YOUNG, WHITNEY M., JR. One of the most prominent black leaders of the 1960's and former Executive Secretary of the National Urban League (NUL), Whitney Moore Young, Jr. was born in Lincoln Ridge, Kentucky in 1921. Educated at Lincoln Institute and Kentucky State College (B. S., 1941), Young studied for a year at the Massachusetts Institute of Technology before serving with the U. S. Army in Europe during World War II. Following the war, he attended the University of Minnesota and was awarded an M. A. degree in social work in 1947. The topic of his Master's thesis was the history of the National Urban League's chapter in St. Paul, Minnesota.
From 1947 to 1950, Young acted as director of industrial tions and vocational guidance for the Urban League of .St. Paul. He was named executive director of the Omaha Urban League in 1950, a position he held until his appointment as Dean of the Atlanta University School of Social Work in 1954. Remaining at Atlanta until 1961, Young managed to double the school's enrollment and budget, thereby increasing its national prestige. On August 1, 1961, he succeeded Lester Granger as Executive Director of the National Urban League. Although the Urban League traditionally had held aloof from active participation in the Civil Rights Revolution, under Young's direction it became increasingly involved in the national effort to secure political and socioeconomic equality for American blacks. In 1963, for example, the NUL joined with the NAACP, CORE, SCLC and SNCC to plan and participate in the now-famous March on Washington.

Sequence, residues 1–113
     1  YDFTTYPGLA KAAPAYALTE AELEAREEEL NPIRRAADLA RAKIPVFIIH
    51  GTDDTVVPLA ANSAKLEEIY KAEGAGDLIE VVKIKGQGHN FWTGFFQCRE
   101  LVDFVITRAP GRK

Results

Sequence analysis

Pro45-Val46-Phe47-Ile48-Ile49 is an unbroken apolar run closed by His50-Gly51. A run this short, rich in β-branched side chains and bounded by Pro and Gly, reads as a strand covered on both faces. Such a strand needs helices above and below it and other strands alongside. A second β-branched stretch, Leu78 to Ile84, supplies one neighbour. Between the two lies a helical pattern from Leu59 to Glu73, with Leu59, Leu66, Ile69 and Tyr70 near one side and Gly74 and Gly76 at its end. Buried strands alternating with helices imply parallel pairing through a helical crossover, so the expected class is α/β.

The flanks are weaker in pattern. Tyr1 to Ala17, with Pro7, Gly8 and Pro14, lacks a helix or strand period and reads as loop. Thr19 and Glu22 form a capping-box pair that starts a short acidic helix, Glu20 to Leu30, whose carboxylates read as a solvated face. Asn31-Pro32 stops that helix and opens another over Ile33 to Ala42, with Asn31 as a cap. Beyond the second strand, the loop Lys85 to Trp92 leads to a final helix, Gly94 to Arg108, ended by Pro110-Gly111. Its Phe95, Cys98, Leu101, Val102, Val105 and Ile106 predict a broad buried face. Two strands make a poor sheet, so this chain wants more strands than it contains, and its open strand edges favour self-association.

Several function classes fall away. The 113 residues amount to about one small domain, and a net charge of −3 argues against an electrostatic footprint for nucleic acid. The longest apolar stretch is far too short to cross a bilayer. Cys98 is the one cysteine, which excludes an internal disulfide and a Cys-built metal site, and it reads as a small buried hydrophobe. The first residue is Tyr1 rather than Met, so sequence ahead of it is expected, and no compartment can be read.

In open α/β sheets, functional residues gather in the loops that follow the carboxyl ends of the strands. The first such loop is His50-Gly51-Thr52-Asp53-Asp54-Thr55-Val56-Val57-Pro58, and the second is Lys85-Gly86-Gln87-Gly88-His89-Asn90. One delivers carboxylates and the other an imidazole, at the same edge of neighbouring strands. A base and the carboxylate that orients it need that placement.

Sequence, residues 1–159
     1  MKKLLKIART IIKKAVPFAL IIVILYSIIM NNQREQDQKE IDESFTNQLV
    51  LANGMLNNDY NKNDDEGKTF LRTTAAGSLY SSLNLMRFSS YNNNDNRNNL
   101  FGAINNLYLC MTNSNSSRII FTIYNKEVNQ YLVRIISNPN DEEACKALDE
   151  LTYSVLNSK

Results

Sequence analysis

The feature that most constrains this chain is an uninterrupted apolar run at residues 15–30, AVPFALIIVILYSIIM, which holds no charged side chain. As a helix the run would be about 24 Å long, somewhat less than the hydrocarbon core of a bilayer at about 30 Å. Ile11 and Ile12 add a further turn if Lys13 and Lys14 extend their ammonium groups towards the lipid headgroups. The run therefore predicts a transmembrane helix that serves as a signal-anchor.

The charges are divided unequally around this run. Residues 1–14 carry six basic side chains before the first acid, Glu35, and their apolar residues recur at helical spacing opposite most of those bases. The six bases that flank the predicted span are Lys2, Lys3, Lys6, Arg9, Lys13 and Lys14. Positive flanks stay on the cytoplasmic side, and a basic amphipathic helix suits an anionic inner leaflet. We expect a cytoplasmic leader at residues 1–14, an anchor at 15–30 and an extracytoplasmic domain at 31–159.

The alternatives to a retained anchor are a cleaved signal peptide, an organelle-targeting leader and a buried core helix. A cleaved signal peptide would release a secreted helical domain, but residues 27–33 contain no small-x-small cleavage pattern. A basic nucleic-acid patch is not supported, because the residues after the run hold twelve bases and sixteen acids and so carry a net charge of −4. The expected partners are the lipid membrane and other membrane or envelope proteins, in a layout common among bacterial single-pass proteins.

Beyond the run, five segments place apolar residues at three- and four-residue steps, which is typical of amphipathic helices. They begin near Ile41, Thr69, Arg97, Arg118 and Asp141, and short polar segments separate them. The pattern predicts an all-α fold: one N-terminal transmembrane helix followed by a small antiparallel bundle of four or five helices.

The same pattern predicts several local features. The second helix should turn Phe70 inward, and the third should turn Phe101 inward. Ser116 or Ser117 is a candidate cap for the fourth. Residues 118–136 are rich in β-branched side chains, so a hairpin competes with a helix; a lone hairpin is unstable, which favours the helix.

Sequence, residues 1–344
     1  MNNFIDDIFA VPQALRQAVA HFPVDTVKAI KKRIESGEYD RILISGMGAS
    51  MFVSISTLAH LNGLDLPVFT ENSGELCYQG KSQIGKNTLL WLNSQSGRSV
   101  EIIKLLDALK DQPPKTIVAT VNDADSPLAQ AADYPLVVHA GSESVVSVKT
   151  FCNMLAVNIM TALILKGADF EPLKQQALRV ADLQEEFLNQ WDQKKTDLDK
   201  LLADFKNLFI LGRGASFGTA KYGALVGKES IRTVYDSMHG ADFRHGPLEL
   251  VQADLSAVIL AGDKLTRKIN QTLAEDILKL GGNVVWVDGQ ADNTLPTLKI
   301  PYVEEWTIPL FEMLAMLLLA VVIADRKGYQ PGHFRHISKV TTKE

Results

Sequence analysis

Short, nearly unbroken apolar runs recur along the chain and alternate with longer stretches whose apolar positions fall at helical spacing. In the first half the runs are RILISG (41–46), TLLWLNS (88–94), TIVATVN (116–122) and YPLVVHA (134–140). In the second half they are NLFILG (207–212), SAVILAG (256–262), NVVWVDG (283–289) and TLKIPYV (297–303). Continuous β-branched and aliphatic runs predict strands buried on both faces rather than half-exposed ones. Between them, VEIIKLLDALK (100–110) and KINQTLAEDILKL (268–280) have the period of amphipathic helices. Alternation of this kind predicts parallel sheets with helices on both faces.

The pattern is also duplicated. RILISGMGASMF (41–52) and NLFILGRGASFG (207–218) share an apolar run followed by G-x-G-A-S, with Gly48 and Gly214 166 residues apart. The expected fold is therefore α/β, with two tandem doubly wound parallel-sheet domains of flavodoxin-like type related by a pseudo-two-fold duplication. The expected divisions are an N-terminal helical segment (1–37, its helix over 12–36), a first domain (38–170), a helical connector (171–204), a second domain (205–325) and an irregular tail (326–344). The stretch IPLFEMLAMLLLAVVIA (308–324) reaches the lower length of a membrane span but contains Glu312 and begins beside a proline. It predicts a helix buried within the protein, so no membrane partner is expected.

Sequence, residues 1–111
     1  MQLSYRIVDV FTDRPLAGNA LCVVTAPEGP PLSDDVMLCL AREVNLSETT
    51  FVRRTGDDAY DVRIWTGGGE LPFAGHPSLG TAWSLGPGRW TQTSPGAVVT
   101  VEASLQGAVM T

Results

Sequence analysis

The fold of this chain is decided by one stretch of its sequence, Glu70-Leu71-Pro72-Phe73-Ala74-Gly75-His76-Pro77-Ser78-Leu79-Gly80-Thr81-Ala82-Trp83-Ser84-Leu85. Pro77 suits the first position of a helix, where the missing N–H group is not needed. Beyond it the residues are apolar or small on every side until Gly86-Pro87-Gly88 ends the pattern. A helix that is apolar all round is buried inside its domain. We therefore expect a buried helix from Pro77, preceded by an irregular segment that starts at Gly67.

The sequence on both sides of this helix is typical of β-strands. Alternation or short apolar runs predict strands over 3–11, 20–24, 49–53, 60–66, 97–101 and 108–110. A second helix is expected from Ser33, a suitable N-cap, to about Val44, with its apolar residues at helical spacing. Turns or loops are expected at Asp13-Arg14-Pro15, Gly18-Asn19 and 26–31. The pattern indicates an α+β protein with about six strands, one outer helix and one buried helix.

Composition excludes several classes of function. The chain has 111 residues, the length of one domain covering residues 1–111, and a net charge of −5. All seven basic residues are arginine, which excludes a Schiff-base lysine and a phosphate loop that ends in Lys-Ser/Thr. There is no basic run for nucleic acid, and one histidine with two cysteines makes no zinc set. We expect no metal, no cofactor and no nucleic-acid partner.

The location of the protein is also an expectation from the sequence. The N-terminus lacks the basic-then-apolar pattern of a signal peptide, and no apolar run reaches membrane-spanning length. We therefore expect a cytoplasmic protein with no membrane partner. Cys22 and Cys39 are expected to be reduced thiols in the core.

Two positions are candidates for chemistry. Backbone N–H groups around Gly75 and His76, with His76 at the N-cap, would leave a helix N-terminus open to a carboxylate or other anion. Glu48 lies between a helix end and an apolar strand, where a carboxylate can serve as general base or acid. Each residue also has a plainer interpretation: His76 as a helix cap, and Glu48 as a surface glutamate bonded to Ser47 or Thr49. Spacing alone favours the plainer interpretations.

In addition to his Urban League activities, Young was an esteemed author. His first book, To Be Equal, was published in 1964, with his Beyond Racism appearing in 1969. He also wrote a nationally-syndicated newspaper column, "To Be Equal," which appeared in over one hundred papers throughout the United States. One of his most persistent themes was that the American government should provide for a domestic Marshall Plan which would expend upwards of one hundred billion dollars in a crash program to eradicate socioeconomic deprivation and inequity in American society. Young's premature death in 1971, just three years after the assassination of Martin Luther King, deprived black America of another strong and influential leader. See also: NATIONAL URBAN LEAGUE.